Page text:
When you think about it, if the goal is to eliminate nuclear weapons from the nation’s stockpiles as President Obama stated in Prague over the weekend, a facility such as the MOX project is one of the best solutions available today.

The MOX project continues to have strong government and industry support. MOX Services received last May the option to construct the $4.86 billion facility.

AREVA has safely produced MOX fuel at its facilities in France for approximately 35 years. MOX fuel also is used by utilities in many other countries, including Belgium, Germany, Switzerland and Japan. Just last week, AREVA announced a major contract to supply MOX fuel to a Japanese utility.

March 16, 2009 | 4:30 pm

Excellent Editorial from WSJ

Several of our fellow nuclear bloggers have already linked to William Tucker’s excellent editorial from the Wall Street Journal, “There Is No Such Thing as Nuclear Waste.” We thought we’d add our voice to the resounding applause for this excellent piece, which is well-written and well-argued. AREVA is proud to be leading the way in recycling and reprocessing used nuclear fuel – which is exactly what Tucker argues should be part of our long-term plans as we look to reduce greenhouse gas emissions, combat climate change, and promote green energy.

Some highlights from the article:

So is [defunding Yucca Mountain] really the death knell for nuclear power? Not at all. The repository at Yucca Mountain was only made necessary by our failure to understand a fundamental fact about nuclear power: There is no such thing as nuclear waste. . . .

So is this material “waste”? Absolutely not. Ninety-five percent of a spent fuel rod is plain old U-238, the nonfissionable variety that exists in granite tabletops, stone buildings and the coal burned in coal plants to generate electricity. Uranium-238 is 1% of the earth’s crust. It could be put right back in the ground where it came from.

Of the remaining 5% of a rod, one-fifth is fissionable U-235 — which can be recycled as fuel. Another one-fifth is plutonium, also recyclable as fuel. Much of the remaining three-fifths has important uses as medical and industrial isotopes. Forty percent of all medical procedures in this country now involve some form of radioactive isotope, and nuclear medicine is a $4 billion business. Unfortunately, we must import all our tracer material from Canada, because all of our isotopes have been headed for Yucca Mountain. . . .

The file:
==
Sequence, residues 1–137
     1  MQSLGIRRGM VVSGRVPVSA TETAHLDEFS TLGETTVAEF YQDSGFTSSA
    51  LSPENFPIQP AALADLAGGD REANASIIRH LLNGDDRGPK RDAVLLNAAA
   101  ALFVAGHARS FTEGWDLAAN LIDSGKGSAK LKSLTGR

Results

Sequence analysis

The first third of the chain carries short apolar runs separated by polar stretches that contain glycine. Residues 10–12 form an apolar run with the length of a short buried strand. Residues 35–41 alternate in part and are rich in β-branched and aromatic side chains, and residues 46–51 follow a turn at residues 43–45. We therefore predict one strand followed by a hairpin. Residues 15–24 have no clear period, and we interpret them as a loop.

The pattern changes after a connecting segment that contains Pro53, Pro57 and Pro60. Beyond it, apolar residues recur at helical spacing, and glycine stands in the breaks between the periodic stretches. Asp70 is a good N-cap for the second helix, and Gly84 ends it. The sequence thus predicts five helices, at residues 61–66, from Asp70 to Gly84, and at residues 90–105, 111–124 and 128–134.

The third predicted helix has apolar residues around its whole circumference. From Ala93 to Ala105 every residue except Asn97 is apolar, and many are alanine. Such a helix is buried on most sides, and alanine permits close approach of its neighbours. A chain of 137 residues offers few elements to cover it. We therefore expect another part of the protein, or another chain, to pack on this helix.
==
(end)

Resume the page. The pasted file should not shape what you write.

So shed no tears for Yucca Mountain. Instead of ending the nuclear revival, it gives us the chance to correct a historical mistake and follow France’s lead in developing complete reprocessing for nuclear material.

March 6, 2009 | 1:34 pm

It’s the Right Time to Reconsider U.S. Recycling

Yucca Mountain

Yucca Mountain

During a Senate Energy and Natural Resources Committee hearing yesterday, the discussion of the future of the Yucca Mountain project raised the possibility of recycling nuclear fuel as part of the nation’s used fuel management strategy.

Recycling nuclear fuel would enable us to reduce the volume of material for disposal by a factor of at least four and reduce toxicity by a factor 10 (based on experience in France). It also turns the most difficult waste into a vitrified form (glass logs) that is more stable, durable and manageable for long-term storage in a repository. If recycled, the 60,000 metric tons of used fuel stored at nuclear plant sites could provide enough fuel to power America’s 104 nuclear reactors for seven to eight years.

If the U.S. turns to recycling we could defer having to find and build a second or third repository, perhaps forever. Recycling would postpone or eliminate the need for additional repository capacity. There’s no doubt that locating a geological repositories requires some level of acceptance by the local community. But this task would be made easier if you can limit its size and avoid having to build multiple repositories.

AREVA has recycled used fuel in France for customers in Europe and Japan for several decades and continues to do so today. This technology is safe, mature and cost effective. In the United States, we recycle glass, aluminum and paper; why not recycle nuclear fuel? In addition to the reduction in the amount of waste we must dispose, we would also conserve the amount of new uranium that we must use. Facing the expansion of nuclear energy worldwide, this is important to consider in terms of U.S. energy security as well.

In the end, we believe that recycling is just common sense.